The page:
you’ll send a letter.
Promise we’ll be lost together
in our forest, pale birches of our legs.

I hear your voice now—I know,
everyone knows promises come from fear.
People don’t live past each other,
you’re always here with me. Sometimes
I pretend you’re in the other room
until it rains… and then
this is the letter I always write:
The letter I write
when they’re keeping me from home.
I smell your supper steaming in the kitchen.
There are paper bags on the table
with their bottoms melted out
by rain and the weight of oranges.


Depth of Field

“The camera relieves us of the burden of memory …
records in order to forget.”  – John Berger

We’ve retold the stories of our lives
by the time we reach Buffalo,
sun coming up diffuse and prehistoric
over the Falls.

A white morning,
sun like paint on the windshield.
You drive, smoke, wear sunglasses.

Rochester, Camera Capital of America.
Stubbing a cigar in the lid of a film cannister,
the Kodak watchman gives directions.

The museum’s a wide-angle mansion.
You search the second storey from the lawn,
mentally converting bathrooms to darkrooms.

A thousand photos later,
exhausted by second-guessing
the mind which invisibly surrounds each image,
we nap in a high school parking lot,
sun leaning low as the trees
over the roof of the warm car.

Driving home. The moon’s so big and close
I draw a moustache on it and smudge the windshield.
I stick my fingers in your collar to keep you awake.
I can’t remember a thing about our lives before this morning.

We left our city at night and return at night.
We buy pineapple and float quietly through the neighbourhood,
thick trees washing themselves in lush darkness,
or in the intimate light of streetlamps.
In summer the planer’s heavy with smells of us,
stung with the green odour of gardens.
Heat won’t leave the pavement
until night is almost over.

I’ve loved you all day.
We take the old familiar Intertwine Freeway,
begin the long journey towards each other
as to our home town with all its lights on.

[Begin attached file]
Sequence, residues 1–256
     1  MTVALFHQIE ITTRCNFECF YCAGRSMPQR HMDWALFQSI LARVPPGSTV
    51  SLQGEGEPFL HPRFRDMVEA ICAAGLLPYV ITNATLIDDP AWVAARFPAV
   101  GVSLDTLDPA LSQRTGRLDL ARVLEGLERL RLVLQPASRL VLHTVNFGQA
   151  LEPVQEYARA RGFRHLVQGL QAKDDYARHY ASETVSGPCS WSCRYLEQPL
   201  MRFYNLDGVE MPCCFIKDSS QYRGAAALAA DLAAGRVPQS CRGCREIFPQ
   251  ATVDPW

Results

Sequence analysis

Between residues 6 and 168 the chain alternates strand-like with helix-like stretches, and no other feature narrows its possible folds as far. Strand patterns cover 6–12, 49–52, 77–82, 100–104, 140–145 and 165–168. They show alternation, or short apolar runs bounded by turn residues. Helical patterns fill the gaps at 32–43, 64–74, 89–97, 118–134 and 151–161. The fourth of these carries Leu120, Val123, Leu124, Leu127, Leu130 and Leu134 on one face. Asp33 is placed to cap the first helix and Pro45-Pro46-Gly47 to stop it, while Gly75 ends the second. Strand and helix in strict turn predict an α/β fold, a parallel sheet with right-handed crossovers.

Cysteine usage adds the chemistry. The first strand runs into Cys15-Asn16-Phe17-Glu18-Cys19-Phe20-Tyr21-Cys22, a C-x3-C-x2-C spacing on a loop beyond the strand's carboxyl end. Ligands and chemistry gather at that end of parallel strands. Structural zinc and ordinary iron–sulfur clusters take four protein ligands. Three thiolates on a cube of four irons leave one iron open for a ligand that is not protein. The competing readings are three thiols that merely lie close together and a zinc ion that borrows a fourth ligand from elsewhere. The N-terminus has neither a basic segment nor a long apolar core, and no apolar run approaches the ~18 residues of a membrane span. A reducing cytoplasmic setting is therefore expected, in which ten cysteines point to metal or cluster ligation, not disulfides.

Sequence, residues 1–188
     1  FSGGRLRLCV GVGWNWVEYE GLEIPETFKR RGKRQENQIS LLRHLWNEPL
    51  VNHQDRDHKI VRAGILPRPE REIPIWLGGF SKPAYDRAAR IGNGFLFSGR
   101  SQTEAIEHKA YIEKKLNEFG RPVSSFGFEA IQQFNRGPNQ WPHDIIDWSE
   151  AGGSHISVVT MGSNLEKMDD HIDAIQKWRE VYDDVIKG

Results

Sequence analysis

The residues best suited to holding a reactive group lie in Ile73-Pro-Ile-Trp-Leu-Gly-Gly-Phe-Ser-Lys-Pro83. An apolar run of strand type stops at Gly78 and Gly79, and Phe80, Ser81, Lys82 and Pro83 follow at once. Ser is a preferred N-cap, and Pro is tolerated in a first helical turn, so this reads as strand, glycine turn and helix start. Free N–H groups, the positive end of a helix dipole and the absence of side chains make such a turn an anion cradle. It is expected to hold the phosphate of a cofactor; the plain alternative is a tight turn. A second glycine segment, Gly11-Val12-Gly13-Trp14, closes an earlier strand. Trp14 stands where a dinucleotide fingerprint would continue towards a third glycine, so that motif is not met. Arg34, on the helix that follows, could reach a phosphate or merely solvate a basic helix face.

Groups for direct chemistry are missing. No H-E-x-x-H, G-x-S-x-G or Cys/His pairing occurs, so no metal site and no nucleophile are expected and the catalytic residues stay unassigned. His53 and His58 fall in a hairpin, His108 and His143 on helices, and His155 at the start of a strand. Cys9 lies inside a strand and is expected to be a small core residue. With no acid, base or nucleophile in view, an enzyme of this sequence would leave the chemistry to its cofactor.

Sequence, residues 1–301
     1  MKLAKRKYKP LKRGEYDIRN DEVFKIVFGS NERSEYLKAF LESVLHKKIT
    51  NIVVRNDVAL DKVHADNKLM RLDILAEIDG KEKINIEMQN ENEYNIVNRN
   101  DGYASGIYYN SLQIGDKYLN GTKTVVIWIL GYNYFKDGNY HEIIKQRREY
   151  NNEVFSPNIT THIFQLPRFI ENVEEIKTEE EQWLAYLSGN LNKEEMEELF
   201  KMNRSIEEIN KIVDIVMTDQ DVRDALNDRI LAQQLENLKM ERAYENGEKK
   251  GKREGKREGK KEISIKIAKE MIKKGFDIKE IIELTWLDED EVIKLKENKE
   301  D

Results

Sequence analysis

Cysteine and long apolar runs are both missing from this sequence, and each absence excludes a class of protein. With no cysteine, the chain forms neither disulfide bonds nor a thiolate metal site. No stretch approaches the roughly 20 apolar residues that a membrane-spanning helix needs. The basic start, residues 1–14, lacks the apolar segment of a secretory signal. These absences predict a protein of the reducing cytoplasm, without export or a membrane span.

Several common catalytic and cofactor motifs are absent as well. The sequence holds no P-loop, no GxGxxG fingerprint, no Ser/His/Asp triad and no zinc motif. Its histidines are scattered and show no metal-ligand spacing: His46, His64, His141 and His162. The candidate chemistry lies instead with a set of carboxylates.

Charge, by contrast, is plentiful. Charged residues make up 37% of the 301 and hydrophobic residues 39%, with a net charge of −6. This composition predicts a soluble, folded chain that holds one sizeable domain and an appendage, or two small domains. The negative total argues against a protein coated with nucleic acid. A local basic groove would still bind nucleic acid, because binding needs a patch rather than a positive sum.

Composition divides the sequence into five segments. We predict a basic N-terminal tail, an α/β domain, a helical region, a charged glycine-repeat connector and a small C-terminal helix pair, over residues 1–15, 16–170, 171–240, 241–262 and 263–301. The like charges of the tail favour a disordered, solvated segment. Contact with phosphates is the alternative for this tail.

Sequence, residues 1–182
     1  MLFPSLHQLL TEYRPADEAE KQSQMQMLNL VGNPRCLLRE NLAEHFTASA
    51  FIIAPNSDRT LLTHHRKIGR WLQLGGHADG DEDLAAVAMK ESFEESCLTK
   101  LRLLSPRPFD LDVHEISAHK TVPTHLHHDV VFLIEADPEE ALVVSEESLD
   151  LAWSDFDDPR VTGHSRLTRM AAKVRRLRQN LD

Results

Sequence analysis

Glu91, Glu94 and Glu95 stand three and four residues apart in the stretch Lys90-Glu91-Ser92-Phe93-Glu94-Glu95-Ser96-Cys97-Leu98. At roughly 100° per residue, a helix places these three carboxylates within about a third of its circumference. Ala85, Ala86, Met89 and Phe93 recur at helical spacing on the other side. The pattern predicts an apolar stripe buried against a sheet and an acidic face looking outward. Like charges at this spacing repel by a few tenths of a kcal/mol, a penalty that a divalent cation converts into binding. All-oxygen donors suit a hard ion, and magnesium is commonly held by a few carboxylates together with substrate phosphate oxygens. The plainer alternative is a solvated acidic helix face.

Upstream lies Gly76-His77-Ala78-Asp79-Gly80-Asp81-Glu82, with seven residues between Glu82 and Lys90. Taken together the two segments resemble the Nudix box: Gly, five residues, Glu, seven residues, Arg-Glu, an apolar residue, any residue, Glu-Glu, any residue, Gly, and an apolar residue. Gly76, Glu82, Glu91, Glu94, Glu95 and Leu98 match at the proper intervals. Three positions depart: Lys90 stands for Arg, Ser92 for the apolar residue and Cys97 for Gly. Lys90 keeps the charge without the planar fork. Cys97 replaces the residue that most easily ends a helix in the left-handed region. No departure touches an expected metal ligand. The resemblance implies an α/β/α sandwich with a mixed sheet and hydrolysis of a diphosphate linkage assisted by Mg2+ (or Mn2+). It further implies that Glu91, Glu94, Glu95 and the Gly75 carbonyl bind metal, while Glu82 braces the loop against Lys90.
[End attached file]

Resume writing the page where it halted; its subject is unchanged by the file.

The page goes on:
Phantom Limbs

So much of the city
is our bodies. Places in us
old light still slants through to.
Places that no longer exist but are full of feeling,
like phantom limbs.

Even the city carries ruins in its heart.
Longs to be touched in places
only it remembers.

Through the yellow hooves
of the ginkgo, parchment light;
in that apartment where I first
touched your shoulders under your sweater,
that October afternoon you left keys
in the fridge, milk on the table.
The yard – our moonlight motel –
where we slept summer’s hottest nights,
on grass so cold it felt wet.
Behind us, freight trains crossed the city,
a steel banner, a noisy wall.
Now the hollow diad
floats behind glass
in office towers also haunted
by our voices.

Few buildings, few lives
are built so well
even their ruins are beautiful.
But we loved the abandoned distillery:
stone floors cracking under empty vats,
wooden floors half rotted into dirt;
stairs leading nowhere; high rooms
run through with swords of dusty light.
A place the rain still loved, its silver paint
on rusted things that had stopped moving it seemed, for us.
Closed rooms open only to weather,
pungent with soot and molasses,
scent-stung. A place
where everything too big to take apart
had been left behind.

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Sometimes I pretend you’re in the other room until it rains: four poems by Anne Michaels